One thing that struck me after Sunday is that we can disregard anything we saw in the League. You look at Derry making the Division 1 final – where are they now? You think of how poor Kerry were against Cork in Tralee? League form is out the win

dow. And, you know, Kerry going that bit more defensive actually suits them. People might say it's not the Kerry way, but who has been winning All-Irelands the Kerry way lately?

On Sunday, Fitz won the tactical battle hands down, but he'll know that Cork were desperately poor too. When you give a team a good dosing, the smart manager will ground you straight away. I'd say he'll have been doing that from Tuesday night,

because you need to be selfish about what you're listening to.

Bottom line, if Kerry don't back this performance up with something similar in Croke Park, it'll go down as a waste.

Funny, you think about the “animals” Páidí spoke about in Kerry, but the abuse the Cork team took from their people on Sunday shocked me. I was trying to argue with a few of them. I mean I know Cork didn't per

form, I know they lacked leadership.

But sometimes it gets overlooked how a tiny, tiny spark can change everything for a team.

By that I mean you can go in one week from not playing well to producing what we produced against Dublin in '09. That's something the normal fan can never seem to see. So I couldn't believe what I was hearing on Sunday.

‘No balls...’

‘No heart, no leaders...’

‘'Tis backwards that they're going...'

The same old talk, even though we know Cork are nowhere near as bad as they looked. True, they have serious questions to answer in terms of leadership. They are at a crossroads now and they can go one of two ways.

But it's now your real leaders have to stand up. I think they'll be hurting badly and could still have a say in this Championship. Have they the stuff to win it? I doubt that. But they could take out a big team yet.

I said last week that it was in the middle eight Kerry could win the game and that's pretty much how it panned out. I've never seen a Kerry midfield dominate another team so totally.

For me, it's the Sheehans, the Johnny Buckleys, the Killian Youngs that will drive this Kerry team. Sheehan is much maligned, but he gave it one serious hour on Sunday. People don't realise how much more there is to him than just free-taking. In my mind, he's good enough to be dominating games.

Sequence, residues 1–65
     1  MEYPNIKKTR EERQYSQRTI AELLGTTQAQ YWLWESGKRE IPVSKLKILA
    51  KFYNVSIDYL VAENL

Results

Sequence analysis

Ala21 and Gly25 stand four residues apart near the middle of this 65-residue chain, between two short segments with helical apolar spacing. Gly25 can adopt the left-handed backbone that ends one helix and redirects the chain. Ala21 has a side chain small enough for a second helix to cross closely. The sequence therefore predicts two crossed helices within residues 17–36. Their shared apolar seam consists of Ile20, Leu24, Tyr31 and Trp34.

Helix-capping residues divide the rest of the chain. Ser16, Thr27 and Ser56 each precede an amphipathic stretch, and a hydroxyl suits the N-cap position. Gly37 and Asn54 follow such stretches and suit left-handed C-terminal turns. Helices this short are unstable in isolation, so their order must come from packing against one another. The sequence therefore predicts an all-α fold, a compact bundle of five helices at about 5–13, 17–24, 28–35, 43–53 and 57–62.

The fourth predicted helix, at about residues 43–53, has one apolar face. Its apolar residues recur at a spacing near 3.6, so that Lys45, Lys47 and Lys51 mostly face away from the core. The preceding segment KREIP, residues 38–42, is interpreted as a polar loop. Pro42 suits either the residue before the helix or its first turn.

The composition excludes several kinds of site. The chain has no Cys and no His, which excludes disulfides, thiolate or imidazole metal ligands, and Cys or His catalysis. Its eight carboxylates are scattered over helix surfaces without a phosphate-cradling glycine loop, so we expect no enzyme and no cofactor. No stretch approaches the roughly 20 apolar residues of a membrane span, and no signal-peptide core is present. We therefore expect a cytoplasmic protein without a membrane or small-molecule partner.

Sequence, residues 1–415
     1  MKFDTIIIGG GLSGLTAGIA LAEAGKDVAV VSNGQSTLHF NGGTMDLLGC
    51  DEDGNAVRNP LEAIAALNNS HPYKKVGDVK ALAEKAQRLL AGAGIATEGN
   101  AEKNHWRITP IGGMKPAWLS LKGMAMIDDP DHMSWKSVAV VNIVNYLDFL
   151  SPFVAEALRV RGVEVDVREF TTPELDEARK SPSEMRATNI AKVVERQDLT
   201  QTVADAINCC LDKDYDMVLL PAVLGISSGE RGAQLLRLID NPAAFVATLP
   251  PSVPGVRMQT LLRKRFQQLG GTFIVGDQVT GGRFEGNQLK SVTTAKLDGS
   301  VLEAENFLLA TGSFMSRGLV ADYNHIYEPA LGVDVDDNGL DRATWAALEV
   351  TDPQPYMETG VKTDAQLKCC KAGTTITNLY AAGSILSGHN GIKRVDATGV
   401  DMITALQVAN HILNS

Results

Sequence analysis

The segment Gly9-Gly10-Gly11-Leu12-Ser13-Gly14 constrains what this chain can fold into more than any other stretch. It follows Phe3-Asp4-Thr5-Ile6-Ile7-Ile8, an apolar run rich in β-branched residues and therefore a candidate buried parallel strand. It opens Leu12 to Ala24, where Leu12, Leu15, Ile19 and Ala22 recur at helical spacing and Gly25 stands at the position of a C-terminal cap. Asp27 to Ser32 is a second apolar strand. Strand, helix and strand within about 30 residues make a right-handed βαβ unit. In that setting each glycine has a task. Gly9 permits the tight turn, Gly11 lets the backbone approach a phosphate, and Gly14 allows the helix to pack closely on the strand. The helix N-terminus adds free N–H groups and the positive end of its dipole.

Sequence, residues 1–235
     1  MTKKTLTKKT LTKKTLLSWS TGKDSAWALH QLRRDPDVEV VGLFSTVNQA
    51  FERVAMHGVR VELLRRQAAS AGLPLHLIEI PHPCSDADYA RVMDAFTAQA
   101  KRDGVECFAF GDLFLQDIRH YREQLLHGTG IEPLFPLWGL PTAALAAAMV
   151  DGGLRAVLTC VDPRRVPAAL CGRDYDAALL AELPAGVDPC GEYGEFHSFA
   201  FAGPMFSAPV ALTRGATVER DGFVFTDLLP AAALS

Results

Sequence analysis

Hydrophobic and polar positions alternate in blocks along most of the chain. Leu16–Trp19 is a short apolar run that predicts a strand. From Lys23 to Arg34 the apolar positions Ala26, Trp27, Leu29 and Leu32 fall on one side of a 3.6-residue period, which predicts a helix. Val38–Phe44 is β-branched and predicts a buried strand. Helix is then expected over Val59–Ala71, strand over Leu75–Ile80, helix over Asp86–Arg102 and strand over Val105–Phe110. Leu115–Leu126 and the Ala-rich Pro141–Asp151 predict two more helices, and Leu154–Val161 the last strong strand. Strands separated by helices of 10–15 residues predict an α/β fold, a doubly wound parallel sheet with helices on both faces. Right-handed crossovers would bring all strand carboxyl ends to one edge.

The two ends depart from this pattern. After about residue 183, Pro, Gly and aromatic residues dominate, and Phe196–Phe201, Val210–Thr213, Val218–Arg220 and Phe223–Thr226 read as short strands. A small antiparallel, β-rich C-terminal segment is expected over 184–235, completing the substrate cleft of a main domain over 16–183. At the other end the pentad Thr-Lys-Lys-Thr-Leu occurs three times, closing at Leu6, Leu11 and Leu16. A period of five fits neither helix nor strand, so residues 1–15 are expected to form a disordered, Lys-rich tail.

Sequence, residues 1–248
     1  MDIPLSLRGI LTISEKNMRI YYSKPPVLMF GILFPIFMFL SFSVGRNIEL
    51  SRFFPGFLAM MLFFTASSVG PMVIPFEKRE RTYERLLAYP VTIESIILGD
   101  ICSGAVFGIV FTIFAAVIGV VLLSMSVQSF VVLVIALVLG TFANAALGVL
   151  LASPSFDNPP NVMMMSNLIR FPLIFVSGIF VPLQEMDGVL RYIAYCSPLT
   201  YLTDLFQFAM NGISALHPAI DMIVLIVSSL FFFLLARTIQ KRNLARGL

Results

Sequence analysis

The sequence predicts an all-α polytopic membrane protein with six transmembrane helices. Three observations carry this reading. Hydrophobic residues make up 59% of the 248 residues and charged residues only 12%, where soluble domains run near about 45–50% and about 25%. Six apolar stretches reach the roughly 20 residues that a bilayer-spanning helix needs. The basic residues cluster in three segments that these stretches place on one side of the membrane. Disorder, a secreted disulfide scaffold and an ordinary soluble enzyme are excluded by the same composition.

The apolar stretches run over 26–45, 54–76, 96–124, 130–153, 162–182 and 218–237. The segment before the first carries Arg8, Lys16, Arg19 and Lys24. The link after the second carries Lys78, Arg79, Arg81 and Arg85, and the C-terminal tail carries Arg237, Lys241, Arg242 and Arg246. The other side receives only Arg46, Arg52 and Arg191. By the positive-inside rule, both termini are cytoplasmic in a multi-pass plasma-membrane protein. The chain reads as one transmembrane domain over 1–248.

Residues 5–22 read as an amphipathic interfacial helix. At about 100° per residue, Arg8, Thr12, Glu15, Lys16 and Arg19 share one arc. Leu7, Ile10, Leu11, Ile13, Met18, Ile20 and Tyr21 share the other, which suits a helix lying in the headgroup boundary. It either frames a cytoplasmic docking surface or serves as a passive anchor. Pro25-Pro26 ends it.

Donnchadh Walsh gave a huge performance and you had Declan (O'Sullivan) back to his best again, playing the exact same link-man role that Paul (Galvin) had been playing in recent years. The mileage that man has put up for Kerry.

I mean I'm listening to fellas writing off the likes of Declan and Marc and all I can think is, ‘Jesus, do you have any understanding of the pride in these lads?'

Then to see the likes of Darran, Peter Crowley and ‘Star' (Kieran Donaghy) coming off the bench, it just felt like a perfect day.

Because Sunday's minor victory was a big thing for Kerry too. I saw a clip of Jack O'Connor talking last week and, for me, he hit the nail on the head. There have always been footballers in Kerry, but the thing that changed was the attitude to winning.

Jack said he wanted to reinforce with the minors how there was an onus on them to carry the tradition properly. You're talking not just about winning, but about winning and losing with dignity and respect.

Now Jack and I have crossed swords in the past, but I know he's the right man to have in charge when I hear that.

I mean there's some great young Kerry players that have gone to America this summer, young fellas ear-marked as the next great white hopes in the county. I just can't get my head around that. For us growing up, Kerry football was number one. That's got to come back again.

So Sunday felt a huge step in the right direction. It was as if we were sending out a simple message. One saying, ‘We haven't gone away!’